Hans Bennett wrote:
Yesterday there was a huge development in Mumia's case.
According to a posting yesterday on the US Supreme Court's website, the Court has scheduled a conference for this Friday, January 15, to discuss Mumia's case. Specifically, they are looking at the Philadelphia DA's request to have Mumia executed without a new sentencing hearing.
The Supreme Court has apparently been waiting for the ruling on the Spisak case, which was also released yesterday. In Spisak, the court ruled to reinstate Spisak's death sentence, but it is still unclear what impact this ruling will have. The common thread between Mumia and Spisak is the "Mills" precedent, and the Court yesterday ruled that Spisak's case did not meet the standards of Mills.
This is the link to the Supreme Court posting:
Here is a recent article by Jeff Mackler, explaining the importance of the Spisak case: [worth reading]
This past March, the U.S. Supreme Court declined to hear Abu-Jamal’s appeal for a new guilt-phase trial, but the Court has yet to rule on whether to hear the appeal made simultaneously by the Philadelphia District Attorney’s office, which seeks to execute Abu-Jamal without granting him a new penalty-phase trial.
In March 2008, the Third Circuit Court affirmed Federal District Court Judge William Yohn’s 2001 decision “overturning” the death sentence. Citing the 1988 Mills v. Maryland precedent, Yohn had ruled that sentencing forms used by jurors and Judge Albert Sabo’s instructions to the jury were potentially confusing, and that therefore jurors could have mistakenly believed that they had to unanimously agree on any mitigating circumstances in order to consider them as weighing against a death sentence.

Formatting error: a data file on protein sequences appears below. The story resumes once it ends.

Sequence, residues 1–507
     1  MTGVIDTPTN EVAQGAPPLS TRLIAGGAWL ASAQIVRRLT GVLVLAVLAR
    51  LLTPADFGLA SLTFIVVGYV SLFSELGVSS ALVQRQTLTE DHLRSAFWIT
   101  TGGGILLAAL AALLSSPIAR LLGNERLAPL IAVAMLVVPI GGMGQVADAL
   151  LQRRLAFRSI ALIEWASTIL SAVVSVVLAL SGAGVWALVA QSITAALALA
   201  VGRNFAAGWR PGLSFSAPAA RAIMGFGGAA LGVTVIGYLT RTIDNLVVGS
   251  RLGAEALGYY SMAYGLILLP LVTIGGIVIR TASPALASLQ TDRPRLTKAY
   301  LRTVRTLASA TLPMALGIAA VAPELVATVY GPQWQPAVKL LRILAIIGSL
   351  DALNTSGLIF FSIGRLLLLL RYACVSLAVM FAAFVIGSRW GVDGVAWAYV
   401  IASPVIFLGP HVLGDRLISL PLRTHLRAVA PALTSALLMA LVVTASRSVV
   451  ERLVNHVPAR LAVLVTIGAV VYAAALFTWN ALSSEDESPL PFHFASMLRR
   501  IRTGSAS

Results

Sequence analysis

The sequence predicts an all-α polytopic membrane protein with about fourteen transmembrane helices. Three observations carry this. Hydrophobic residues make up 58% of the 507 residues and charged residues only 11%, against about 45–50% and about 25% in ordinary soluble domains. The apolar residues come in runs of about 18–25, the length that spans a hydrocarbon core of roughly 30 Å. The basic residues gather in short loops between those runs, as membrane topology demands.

According to the 2001 ruling, affirmed in 2008, if the DA wants to re-instate the death sentence, the DA must call for a new penalty-phase jury trial. In such a penalty hearing, new evidence of Abu-Jamal’s innocence could be presented, but the jury could only choose between execution and a life sentence without parole.
The DA is appealing to the U.S. Supreme Court against this 2008 affirmation of Yohn’s ruling. If the court rules in the DA’s favor, Abu-Jamal can be executed without benefit of a new sentencing hearing. If the U.S. Supreme Court rules against the DA’s appeal, the DA must either accept the life sentence for Abu-Jamal or call for the new sentencing hearing. Meanwhile, Mumia Abu-Jamal has never left his death row cell.